I just moved overseas and had to give up all of my power tools due to space limitations and power incompatibility. Upon arrival the first power tool that I bought was a cordless drill/driver and the second was a circular saw. I then modified the saw to improve its performance for cabinet quality work by putting a zero clearance baseplate (just a piece of 1/4″ plywood screwed to the base) this allows the saw to cut plywood panels without tearing up the edges. I also bought a length of aluminum rectangle tube stock for a straight edge. Together the straight edge and the zero clearance baseplate makes the circular saw a fairly accurate tool for plywood construction projects. It’s not as easy to use as a Festool track saw but it cuts almost as clean and cost about 1/5th the price.
Turn leftover wood or old pieces of furniture into DIY reclaimed wood projects! Wood is one of my favorite materials to work with. The possibilities are endless and they give such a homey and cozy feel to any rustic home. My husband, Dave, and I sometimes even go the extra mile and carve our initials on a little spot. It’s our own way of making our DIY project even more personal! Here’s a list of some of our favorite DIY reclaimed wood projects!
This wood bench plan is sponsored by The Home Depot. I have been compensated for my time and provided with product. All ideas and opinions are my own. This post contains some affiliate links for your convenience. Click here to read my full disclosure policy. My neighbor saw a cute wood bench at a local restaurant and wanted one for her house. She snapped a few pics for me, … [Read more...]
In this guest perspective from Bill Rainford, traditional joiner, we learn a powerful method for analyzing today’s tool prices and thinking about which tools you really need in your shop. This article is about woodworking hand tools, but as someone who has visited Bill’s shop, I can tell you that he is no hand-tool purist. You’d love some of the machinery, new and old, he has acquired and cared for over the years.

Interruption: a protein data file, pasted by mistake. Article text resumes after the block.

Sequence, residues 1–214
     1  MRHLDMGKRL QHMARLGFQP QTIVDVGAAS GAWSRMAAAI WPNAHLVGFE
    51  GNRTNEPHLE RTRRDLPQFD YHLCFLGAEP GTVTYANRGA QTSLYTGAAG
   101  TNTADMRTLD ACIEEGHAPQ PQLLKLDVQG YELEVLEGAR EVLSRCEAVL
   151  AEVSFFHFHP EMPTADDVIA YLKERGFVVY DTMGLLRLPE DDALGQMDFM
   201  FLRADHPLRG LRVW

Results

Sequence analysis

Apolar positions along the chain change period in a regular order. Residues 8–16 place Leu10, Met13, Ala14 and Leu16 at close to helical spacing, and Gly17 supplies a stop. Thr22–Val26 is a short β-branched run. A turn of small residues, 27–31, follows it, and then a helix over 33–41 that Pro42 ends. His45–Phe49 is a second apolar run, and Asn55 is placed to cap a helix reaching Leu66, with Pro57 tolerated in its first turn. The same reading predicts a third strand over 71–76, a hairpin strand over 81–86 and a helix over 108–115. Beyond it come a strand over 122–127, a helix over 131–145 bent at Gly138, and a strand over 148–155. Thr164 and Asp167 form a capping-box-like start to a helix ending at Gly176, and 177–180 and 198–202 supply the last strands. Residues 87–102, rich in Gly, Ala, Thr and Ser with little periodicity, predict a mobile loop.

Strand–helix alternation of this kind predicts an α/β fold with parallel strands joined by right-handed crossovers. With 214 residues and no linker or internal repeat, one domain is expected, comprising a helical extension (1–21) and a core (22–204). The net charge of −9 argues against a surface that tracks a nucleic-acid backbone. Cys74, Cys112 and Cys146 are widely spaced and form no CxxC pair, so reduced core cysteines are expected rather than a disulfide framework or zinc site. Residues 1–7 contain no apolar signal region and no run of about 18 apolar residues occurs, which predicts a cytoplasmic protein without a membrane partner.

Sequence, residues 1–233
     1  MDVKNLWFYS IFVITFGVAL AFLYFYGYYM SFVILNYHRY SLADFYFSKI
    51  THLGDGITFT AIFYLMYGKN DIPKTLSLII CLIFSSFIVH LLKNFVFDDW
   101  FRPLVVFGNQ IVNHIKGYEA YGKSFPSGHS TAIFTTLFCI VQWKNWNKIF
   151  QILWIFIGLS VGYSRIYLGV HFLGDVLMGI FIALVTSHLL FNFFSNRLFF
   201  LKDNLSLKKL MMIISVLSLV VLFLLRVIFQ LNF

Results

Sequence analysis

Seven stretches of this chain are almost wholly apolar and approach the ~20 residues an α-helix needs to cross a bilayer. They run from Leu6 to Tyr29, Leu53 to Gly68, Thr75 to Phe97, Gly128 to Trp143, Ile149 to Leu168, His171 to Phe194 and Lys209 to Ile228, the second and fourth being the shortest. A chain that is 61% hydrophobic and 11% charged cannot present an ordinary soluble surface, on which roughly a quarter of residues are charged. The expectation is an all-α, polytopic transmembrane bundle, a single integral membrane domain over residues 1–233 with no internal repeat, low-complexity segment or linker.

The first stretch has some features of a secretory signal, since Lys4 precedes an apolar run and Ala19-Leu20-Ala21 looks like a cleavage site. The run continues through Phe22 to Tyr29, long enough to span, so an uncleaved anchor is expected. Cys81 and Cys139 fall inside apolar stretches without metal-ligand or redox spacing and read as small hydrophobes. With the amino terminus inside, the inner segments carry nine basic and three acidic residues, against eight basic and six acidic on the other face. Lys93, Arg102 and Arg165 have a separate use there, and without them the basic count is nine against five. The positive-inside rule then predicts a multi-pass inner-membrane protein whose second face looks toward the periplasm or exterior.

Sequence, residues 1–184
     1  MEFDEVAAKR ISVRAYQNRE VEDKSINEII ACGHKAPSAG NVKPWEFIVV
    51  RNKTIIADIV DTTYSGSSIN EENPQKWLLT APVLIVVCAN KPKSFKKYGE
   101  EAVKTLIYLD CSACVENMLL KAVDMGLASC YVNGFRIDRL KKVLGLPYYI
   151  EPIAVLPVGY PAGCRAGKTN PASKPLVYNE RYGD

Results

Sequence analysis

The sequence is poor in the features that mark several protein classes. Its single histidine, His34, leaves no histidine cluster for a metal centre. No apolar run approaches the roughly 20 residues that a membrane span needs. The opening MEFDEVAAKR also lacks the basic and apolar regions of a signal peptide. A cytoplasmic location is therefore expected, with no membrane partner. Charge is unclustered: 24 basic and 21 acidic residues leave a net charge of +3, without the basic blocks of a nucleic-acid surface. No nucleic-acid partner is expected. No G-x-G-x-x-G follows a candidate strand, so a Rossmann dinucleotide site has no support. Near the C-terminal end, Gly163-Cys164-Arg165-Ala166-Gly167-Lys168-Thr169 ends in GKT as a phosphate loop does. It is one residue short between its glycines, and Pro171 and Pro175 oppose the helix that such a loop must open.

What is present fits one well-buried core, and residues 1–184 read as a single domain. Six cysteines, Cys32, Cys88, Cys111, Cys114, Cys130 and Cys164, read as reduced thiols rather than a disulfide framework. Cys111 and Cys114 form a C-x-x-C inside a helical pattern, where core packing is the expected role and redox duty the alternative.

Of course, these wood joints would be almost useless without some sort of adhesive to go with them. Chapter 9 walks you through the most common types of adhesives available for woodworkers and shows you the best one for each job. In Chapter 11, I go over the ins and outs of screws and nails and show you when and where to use them to improve the strength of your joints.
Building a wine rack is usually a very common beginner's woodworking plan. Creating a wine rack is an easy plan that can most of the time be completed in a day or half, depending on how large and detailed you would like it to be. And the better news is that this free wine rack plan will let you build you a great looking wine rack for much less than it would cost.
John P, 3/18/2014 I lost most of my tools in the divorce. I have gotten a tool here and there over the past few years. I needed a plane and went to Google to see what was available. I found this starter set and placed my order. The planes exceeded my expectation and I have used them successfully on several projects. I recommend this starter set to all without reservation!
Working on one side at a time, glue and nail the side to the back. Apply glue and drive three 1-5/8-in. nails into each shelf, attach the other side and nail those shelves into place to secure them. Clamps are helpful to hold the unit together while you’re driving nails. Center the top piece, leaving a 2-in. overhang on both sides, and glue and nail it into place. Paint or stain the unit and then drill pilot holes into the top face of each side of the unit and screw in the hooks to hold your ironing board. Mount the shelf on drywall using screw-in wall anchors.
The first step in developing woodworking skills is to be able to discern the best glues, joints (ways of connecting two pieces of wood), and fasteners to use. Whether you need a dovetail joint for a drawer front or a mortise-and-tenon joint for a table leg, Chapter 10 introduces you to the wonderful world of wood joints. With an understanding of the joints in Chapter 10, you can build any furniture project and make it strong and durable.
But until then, I’ve been thinking of other ways to use my hands and create things. (Even though many of our saws and tools have been stolen.) But I’m feeling a little antsy to make some quick projects, because creating makes me extremely happy…..so we’re calling this surge in me to create something simple, THERAPY. In fact, I need to call up a few friends and have them make some with me because friends and creating is a favorite combo of mine! (Any out of town-ers want to fly in?! ;) )